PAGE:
"I don’t think his act, quote-unquote, is old. Actually, I think [slapstick comedy is] what people want, but he's been sort of straying away from that. Audiences respond to him when he's more of the funny, goofy kind of guy, the friendly schlub who is the butt of jokes.
"I think ["Me, Myself & Irene"] was expected to do better," Dergarabedian adds. "I think any time you have a Jim Carrey movie, there's always a possibility that film could do over $100 million. And certainly the Farrelly brothers also have that potential, since 'There's Something About Mary' did $168 million, but this one just didn't catch on in that way."
Perhaps blaming the film’s lukewarm draw on Carrey might be unfair. If you believe what you read, then what's repelled viewers from "Me, Myself & Irene" is the tasteless jokes -- the pooping in the front yard, or a scene where Jim suckles a mother's breast. You can blame the Farrellys for that stuff.
"How the Grinch Stole Christmas" As one netizen gripes on a Jim Carrey fan Web site (www.jimcarreyonline.com), "Please tell me why it is necessary for Big Jim Carrey to use vulgarity as humor? He is a man of many talents and should not rely on the shocking and disgusting things for comedy. Come on, Jim, stop wasting time ... be funny without the yuck and nasty."
But, Carrey lovers, don’t fret. Knelman predicts that it's "extremely likely" the actor’s next headliner, the holiday tentpole "How the Grinch Stole Christmas," will be the biggest Jim Carrey hit yet.
And why not? After all, no one would dare try to desecrate the Dr. Seuss classic with poop. Right?
Fake shark fins, anyone? The marketing folks at Universal Home Video have been ticking off SoCal beachgoers, plastering lifeguard stands and trash cans with "Jaws" (1975) posters as part of a national ad campaign to plug the flick’s 25th anniversary video and DVD release.
Critics of the ad say that the posters -- with that famous painting of a shark approaching an unsuspecting swimmer -- freak out children and could be misleading to non-English speakers.
Universal has promised to nix the ad campaign if the hullabaloo continues.
Meanwhile, the people at the Los Angeles County Department of Beaches and Harbors, who OK'd the publicity stunt, told the Los Angeles Times that the complaints arose because "everybody isn’t familiar with the movie."
And that’s where we come in.
How many people are really in the know when it comes to the Steven Spielberg-helmed, Oscar-winning blockbuster about a bloodthirsty shark?
Seeking the answer, we swiftly whipped up a list of trivia that we believe any "Jaws" lover could easily answer and headed down to the Santa Monica beach for some casual Q&A with ocean lovers.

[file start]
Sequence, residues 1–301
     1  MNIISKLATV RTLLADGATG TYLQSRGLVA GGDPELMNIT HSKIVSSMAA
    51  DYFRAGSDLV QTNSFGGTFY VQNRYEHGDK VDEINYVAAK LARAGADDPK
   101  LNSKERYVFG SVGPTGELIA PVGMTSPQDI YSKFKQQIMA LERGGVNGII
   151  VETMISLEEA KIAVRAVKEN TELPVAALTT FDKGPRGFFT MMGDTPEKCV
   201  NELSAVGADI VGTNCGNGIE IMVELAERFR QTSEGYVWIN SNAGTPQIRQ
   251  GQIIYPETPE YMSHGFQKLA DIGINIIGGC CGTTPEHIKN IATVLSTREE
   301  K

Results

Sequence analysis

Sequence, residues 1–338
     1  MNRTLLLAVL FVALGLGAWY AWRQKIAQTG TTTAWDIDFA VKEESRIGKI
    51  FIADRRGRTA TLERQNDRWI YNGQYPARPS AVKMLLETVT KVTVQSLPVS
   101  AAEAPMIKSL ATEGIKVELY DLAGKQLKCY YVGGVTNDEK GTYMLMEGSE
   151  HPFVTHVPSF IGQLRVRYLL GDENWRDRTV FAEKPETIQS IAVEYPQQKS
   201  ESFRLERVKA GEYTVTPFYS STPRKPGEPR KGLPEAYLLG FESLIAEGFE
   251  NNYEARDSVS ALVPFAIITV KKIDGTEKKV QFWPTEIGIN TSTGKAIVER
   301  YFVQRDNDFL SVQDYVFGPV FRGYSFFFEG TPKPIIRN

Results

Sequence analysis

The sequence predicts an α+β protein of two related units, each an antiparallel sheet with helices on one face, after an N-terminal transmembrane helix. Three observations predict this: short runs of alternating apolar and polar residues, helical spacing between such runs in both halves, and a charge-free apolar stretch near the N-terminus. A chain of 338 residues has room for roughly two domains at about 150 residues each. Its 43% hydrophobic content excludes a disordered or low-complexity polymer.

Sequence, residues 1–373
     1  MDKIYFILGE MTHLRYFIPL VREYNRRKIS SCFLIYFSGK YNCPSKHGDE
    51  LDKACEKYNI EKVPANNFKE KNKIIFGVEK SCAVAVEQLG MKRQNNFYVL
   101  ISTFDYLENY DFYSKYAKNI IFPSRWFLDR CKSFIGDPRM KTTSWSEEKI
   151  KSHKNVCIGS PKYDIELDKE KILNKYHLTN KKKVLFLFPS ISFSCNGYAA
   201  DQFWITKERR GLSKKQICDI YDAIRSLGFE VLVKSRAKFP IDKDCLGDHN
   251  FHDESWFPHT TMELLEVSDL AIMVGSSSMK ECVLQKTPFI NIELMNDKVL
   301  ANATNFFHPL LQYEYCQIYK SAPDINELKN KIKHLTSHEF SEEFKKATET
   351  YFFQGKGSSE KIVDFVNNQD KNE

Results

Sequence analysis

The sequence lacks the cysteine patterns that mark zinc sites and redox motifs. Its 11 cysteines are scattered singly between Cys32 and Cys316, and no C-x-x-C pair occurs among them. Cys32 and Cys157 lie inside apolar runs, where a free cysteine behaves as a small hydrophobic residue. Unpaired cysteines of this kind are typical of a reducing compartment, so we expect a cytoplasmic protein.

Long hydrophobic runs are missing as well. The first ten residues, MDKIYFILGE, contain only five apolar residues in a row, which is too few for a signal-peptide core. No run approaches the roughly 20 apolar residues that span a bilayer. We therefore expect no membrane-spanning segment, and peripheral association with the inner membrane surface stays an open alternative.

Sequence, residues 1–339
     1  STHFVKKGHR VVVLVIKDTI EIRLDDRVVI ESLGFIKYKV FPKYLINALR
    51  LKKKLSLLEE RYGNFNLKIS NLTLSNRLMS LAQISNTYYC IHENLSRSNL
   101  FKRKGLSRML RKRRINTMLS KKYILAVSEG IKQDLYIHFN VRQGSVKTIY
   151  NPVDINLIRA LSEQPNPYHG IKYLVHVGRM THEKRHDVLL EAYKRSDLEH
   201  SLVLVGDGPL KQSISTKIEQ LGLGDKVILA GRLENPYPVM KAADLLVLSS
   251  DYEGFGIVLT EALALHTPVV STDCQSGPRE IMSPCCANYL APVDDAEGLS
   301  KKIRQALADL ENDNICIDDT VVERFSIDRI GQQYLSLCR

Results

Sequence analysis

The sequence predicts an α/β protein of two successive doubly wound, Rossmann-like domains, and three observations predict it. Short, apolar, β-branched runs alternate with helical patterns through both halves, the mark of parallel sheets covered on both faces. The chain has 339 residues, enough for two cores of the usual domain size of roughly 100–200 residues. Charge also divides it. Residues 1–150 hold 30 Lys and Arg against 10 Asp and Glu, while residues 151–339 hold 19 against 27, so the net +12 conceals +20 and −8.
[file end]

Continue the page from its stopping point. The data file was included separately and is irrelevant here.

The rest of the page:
And guess what, the County folks were right: Not one person we talked to could answer any of our following questions:
Q: What community does the story of "Jaws" take place in? Real answer: Amity Island. Best answer from the beach: "Well, I know it takes place by the beach." -- Mary Ann, sunbather from North Hollywood. Q: Who wrote the book that the movie was based on? Real answer: Peter Benchley. Best answer: "I don’t know, I don’t really read." -- Eddie, local college student on summer break.
Q: What actor played the police chief? Real answer: Roy Scheider Best answer: "How am I supposed to remember?" -- Debbie, housewife from Arizona.
Q: Which of the main characters gets eaten? Real answer: Quint (played by Robert Shaw). Best answer: "It’s one of the three characters who went out on a boat at the end." -- Lisa, vacationer from the United Kingdom.
Q: What Jaws movie did Mario Van Peebles appear in? Real answer: "Jaws: The Revenge:" (1987). He played Jake. Best answer: "Who?!" -- Jim, retiree living in Santa Monica.
Q: What Jaws movie did Michael Caine appear in? Real answer: "Jaws: The Revenge" (1987). He played Hoagie. Best answer: "Er, the first one?" -- Debbie, housewife from Arizona.
Q: In which Jaws movie is a shark electrically barbecued? Real answer: "Jaws 2" (1978). Best answer: "Hold on, how many ‘Jaws’ were there?" -- again, Debbie, housewife from Arizona.
Q: Which "Jaws" flick features the star of "Diggstown"? Real answer: Lou Gossett Jr., in "Jaws 3D." Best answer: "Of what?!"-- Jim, retiree living in Santa Monica.
Q: Which of these flicks is a Jaws knock-off: a) "Mako: Jaws of Death" b) "Grizzly" c) "Tentacles" d) "Deep Blue Sea" Answer: All of the above. Best answer: "'Deep Blue Sea.' That one has sharks in it. I’ve seen that one." -- Eddie, local college student on summer break.
But that’s not all. To put the whole shark scare to rest, we talked to Capt. Mickey Gallagher of the Los Angeles County Fire Department Lifeguard Operations. Instead of shark movie posters, Gallagher says people should really be more concerned about watching their kids, and jellyfish, when they come to the beach.
But Gallagher couldn’t answer any of our "Jaws" trivia questions, either.